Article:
The BBC should “cough up” and pay for TV licences for all over-75s, the prime minister has said.
It comes after the BBC announced in June that it would restrict the benefit to those in low-income households.
Speaking to reporters at the G7 summit, Boris Johnson said the BBC’s funding settlement had been conditional on it continuing to fund the free licences – something the corporation disputes.
Labour accused the PM of blaming the broadcaster for government policy.
The BBC previously said it would limit free licences to low-income households to prevent it having to close services such as BBC Two and Radio 5 Live.
Continuing to fund the free licences would have cost £745m – a fifth of its budget – by 2021-22, the corporation said.
The decision, meaning around 3.7 million people aged over 75 will have to pay £154.50 for a colour TV licence from next June, sparked protests outside BBC studios.
Mr Johnson told reporters at the summit in Biarritz, southern France: “The BBC received a settlement that was conditional upon their paying for TV licences for the over-75s.
“They should cough up.”
People aged over 75 were granted free TV licences when Labour was in power, in 2000. Maintaining it was a Conservative manifesto pledge in 2017.
However, the charter agreement hammered out with Conservative ministers in 2015 saw the BBC assume responsibility for funding the commitment from 2020.
A BBC spokeswoman said: “It was the government which decided to stop funding free TV licences for the over-75s, and Parliament gave responsibility to the BBC to make a decision on the future of the scheme.
“There was no guarantee that the BBC would continue to fund free licences for the over-75s.”
In June, the culture secretary at the time the settlement was reached, John Whittingdale, said “it was understood that this would be a possible outcome”.
In the same month, the BBC insisted that cutting stars’ salaries would not save enough money to pay for over-75s’ licences.
“Even if we stopped employing every presenter earning more than £150,000, that would save less than £20m,” said director of policy Clare Sumner.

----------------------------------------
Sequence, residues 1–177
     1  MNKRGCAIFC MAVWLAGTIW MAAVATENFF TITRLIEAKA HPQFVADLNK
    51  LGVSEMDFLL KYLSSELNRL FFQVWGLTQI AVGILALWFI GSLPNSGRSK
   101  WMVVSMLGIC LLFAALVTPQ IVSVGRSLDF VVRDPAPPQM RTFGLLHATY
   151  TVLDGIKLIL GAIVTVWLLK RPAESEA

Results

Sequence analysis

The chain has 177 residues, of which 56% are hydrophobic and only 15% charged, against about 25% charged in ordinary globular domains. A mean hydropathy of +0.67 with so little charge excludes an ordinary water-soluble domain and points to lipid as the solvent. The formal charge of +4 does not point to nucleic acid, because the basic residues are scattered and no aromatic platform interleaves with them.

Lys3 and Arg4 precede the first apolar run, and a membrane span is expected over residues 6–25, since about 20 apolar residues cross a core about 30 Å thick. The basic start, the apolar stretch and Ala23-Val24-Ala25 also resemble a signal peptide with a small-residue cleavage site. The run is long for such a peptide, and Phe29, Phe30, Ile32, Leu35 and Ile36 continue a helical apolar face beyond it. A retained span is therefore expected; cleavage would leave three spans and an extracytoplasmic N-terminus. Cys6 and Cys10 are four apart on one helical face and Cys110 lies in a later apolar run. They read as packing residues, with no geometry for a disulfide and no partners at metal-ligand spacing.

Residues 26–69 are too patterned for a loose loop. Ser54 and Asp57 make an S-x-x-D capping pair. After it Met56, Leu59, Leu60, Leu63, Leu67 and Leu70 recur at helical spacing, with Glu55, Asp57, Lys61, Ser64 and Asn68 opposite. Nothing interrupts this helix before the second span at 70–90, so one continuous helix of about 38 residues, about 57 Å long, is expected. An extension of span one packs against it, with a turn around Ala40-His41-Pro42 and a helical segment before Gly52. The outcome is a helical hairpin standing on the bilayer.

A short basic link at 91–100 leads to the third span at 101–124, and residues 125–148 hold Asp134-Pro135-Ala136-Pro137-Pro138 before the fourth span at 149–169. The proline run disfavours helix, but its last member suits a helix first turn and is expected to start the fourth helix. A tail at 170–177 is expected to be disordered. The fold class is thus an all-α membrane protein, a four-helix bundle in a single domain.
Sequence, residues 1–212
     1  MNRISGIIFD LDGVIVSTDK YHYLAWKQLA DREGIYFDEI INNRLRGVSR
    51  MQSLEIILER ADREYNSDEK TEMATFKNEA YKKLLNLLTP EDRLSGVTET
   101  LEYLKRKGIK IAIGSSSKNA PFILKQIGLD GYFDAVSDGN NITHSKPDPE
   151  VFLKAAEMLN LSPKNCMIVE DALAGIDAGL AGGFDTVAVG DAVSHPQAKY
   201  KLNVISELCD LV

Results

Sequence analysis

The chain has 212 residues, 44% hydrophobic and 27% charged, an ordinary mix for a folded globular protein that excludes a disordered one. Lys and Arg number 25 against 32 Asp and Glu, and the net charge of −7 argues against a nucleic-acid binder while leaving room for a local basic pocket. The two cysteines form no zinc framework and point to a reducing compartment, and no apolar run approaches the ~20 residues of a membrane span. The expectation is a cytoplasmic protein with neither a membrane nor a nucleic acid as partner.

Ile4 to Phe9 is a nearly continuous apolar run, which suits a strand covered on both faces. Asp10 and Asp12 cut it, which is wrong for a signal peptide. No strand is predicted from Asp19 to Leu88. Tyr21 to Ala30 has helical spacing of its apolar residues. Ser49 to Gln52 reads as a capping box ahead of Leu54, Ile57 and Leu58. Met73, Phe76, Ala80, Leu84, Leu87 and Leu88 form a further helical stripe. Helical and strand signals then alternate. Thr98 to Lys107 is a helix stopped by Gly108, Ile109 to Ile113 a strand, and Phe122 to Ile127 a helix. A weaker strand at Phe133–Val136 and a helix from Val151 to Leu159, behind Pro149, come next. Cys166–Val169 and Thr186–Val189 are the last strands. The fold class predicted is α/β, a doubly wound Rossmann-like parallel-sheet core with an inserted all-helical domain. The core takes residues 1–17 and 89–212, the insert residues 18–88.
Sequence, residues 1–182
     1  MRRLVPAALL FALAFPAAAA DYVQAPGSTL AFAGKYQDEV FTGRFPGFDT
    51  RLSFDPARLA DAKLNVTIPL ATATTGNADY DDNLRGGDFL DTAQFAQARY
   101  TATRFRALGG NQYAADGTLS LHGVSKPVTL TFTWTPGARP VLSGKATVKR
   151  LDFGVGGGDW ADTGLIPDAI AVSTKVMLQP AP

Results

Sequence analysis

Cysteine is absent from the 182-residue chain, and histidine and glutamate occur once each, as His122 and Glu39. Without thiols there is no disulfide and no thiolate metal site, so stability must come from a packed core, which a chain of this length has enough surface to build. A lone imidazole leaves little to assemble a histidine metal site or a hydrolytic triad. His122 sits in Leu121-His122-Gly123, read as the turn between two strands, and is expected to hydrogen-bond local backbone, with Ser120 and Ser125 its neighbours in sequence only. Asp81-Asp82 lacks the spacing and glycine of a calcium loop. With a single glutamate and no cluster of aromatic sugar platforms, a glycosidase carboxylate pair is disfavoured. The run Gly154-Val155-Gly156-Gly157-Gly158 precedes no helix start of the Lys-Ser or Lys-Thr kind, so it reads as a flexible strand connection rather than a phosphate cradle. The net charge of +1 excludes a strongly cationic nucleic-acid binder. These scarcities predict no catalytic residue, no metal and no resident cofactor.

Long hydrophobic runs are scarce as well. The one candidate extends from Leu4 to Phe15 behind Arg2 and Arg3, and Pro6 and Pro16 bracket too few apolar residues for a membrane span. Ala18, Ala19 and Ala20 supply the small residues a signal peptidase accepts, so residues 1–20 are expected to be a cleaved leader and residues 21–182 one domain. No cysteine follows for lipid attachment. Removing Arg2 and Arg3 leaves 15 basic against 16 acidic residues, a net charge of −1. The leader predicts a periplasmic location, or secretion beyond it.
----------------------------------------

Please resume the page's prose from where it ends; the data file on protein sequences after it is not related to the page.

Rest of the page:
“If no senior manager were paid over £150,000 that would save only £5m.”
Limiting the scheme to households where one person receives pension credit is expected to cost the BBC around £250 million by 2021-22.
However, a No 10 source said BBC income had been boosted by requiring iPlayer users to have a licence and linking licence fee increases to inflation.
“At the time, the director general said it was a ‘strong deal for the BBC’ and provided ‘financial stability’,” the source said, adding: “The BBC must honour this agreement.”
‘Disregard for older people’
Labour deputy leader Tom Watson called on the government to stop “passing the buck”.
“This prime minister’s disregard for older people is appalling,” he said.
“Because of this government’s refusal to fund the concession, millions of older people will have their free TV licences scrapped next year.”
Some 634,334 people have signed a petition organised by charity Age UK, which is calling on the government to take back responsibility for funding the free licences and honour the 2017 manifesto commitment.
Age UK director Caroline Abrahams said: “The BBC and the government clearly are in different places on this and it is old people who are in the middle – which we are very uncomfortable about.
“The government created this situation by passing responsibility for the licence fee to the BBC at the last settlement without giving them all the money to pay for it.
“Whether the BBC is quite as skint as it is telling everybody I can’t possibly say, I’m not a media commentator.
“It would be sensible for the two parties to come together and draw a line and try to stop this escalating row.”